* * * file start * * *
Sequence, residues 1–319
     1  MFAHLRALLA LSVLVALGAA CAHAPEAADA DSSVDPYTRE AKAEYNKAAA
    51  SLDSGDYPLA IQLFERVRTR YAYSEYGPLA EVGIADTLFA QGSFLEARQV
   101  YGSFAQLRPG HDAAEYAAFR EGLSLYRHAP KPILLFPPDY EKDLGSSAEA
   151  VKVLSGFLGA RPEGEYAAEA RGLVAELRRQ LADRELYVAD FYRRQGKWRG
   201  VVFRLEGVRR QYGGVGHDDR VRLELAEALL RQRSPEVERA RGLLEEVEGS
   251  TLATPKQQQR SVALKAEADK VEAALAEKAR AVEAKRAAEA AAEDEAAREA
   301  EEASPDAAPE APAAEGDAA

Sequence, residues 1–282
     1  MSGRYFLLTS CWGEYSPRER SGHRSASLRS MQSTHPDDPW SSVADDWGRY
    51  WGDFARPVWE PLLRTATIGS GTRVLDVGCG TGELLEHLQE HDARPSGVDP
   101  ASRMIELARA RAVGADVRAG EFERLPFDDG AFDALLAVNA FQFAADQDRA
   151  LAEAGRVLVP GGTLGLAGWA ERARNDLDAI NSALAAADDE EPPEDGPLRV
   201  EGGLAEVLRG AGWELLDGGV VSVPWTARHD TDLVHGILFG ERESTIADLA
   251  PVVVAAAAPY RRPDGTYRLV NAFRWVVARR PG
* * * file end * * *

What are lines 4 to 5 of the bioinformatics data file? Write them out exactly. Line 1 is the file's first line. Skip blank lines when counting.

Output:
   101  YGSFAQLRPG HDAAEYAAFR EGLSLYRHAP KPILLFPPDY EKDLGSSAEA
   151  VKVLSGFLGA RPEGEYAAEA RGLVAELRRQ LADRELYVAD FYRRQGKWRG